Sudbury Basin – Located in Canada and with a diameter of 130 km, it is one of the oldest craters on Earth. The impact that occurred 1.8 billion years ago was so strong that it produced lava and split the minerals apart. Fragments of this collision were found 800 km away.

Sudbury Basin crater region (NASA Earth Observatory images by Joshua Stevens, using Landsat data from the U.S. Geological Survey and topographic data from the Shuttle Radar Topography Mission – SRTM).

Tookoonooka – Located in Australia, this crater is not visible from the surface and was only discovered because of oil exploration in the region. Its diameter is about 55 km and it originated from an impact that occurred 128 million years ago.

Image detail of Tookoonooka Meteor Crater taken by Andy Bailey from an airplane.

Vredefort – The largest impact crater on Earth, with an estimated diameter of 300 km, is located in South Africa and a city occupies part of the site. With the impact that occurred 2 billion years ago, the original asteroid was between 10 and 15 km, but a more recent study indicates that the object was much larger, between 20 and 25 km in diameter.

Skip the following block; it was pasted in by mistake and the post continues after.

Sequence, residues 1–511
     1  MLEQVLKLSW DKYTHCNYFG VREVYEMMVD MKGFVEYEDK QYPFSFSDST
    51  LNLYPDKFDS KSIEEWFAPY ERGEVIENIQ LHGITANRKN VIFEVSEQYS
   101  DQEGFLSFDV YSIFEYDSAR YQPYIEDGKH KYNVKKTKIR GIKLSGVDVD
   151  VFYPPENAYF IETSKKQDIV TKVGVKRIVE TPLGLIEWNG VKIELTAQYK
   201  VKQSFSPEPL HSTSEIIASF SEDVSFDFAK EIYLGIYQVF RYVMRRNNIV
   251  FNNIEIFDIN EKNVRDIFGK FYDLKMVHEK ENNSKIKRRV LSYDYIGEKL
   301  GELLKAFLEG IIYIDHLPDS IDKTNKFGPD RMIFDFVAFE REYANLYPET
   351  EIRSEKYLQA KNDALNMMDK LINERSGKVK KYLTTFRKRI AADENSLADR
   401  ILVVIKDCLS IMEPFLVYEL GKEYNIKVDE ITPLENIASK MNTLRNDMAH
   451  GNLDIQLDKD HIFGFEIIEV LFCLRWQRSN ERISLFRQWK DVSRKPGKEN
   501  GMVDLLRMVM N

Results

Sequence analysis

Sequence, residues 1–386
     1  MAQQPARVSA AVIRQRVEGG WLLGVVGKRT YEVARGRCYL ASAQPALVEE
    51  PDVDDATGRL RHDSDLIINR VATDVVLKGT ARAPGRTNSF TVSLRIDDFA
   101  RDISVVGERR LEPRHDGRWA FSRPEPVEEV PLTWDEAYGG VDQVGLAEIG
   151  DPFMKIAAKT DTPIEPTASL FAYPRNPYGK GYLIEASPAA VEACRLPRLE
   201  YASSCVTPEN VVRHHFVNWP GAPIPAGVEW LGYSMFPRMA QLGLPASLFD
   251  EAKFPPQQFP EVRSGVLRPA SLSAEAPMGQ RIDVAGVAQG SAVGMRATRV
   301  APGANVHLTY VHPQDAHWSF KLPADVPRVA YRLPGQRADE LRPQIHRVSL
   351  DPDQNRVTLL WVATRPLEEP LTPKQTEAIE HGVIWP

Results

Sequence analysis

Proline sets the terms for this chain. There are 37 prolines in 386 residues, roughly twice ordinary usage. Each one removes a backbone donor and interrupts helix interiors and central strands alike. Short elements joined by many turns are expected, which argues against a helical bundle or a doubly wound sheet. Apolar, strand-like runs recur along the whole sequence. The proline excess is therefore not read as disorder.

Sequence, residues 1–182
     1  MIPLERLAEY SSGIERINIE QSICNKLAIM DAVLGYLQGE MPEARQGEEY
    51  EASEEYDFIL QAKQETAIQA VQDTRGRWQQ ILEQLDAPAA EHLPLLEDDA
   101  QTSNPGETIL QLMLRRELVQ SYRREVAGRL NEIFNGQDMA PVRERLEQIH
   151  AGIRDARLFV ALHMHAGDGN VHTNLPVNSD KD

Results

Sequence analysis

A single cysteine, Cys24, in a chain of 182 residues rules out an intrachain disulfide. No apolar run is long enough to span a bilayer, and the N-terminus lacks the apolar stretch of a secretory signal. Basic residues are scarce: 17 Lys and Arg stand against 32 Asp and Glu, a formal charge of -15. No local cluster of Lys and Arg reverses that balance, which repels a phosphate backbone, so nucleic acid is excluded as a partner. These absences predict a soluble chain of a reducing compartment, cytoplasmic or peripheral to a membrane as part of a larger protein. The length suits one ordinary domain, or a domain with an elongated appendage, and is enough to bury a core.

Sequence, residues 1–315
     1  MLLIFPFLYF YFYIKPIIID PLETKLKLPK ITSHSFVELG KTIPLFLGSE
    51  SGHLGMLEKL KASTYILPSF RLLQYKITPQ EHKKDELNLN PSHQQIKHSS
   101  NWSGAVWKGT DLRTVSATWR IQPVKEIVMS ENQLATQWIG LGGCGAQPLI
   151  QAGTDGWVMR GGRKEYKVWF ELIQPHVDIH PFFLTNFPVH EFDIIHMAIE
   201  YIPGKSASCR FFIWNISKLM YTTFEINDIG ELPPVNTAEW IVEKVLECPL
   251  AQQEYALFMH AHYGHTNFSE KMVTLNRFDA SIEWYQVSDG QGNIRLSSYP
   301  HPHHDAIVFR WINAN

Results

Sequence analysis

Vredefort crater region image (Google Earth / Cochise College)

Woodleigh – Another large crater located in Australia, it has a diameter between 40 and 60 km, but some studies point out that its diameter is double, hidden at a depth of 200 meters. One of the rarest minerals in the world, reidite, was found in this crater in 2018.

Planar view Bouguer gravity image over the Woodleigh impact structure – Government of Western Australia – Department of Mines, Industry Regulation and Safety)

Yarrabubba – Also located in Australia, it is considered to be the oldest known crater, formed 2.3 billion years ago. The original crater was 70 km in diameter, although its remnant today is only 20 km.

Yarrabubba crater structure (Chris Kirkland / ABC)

Learn more about this subject by visiting these websites:
LEARN – What happens when an asteroid hits Earth?
Earth Impact Database – PASSC – University of New Brunswick
10 Earth impact craters you must see (Space.com)
Studying How Craters Are Made: The Planetary Impact Lab (JHU Applied Physics Laboratory – video)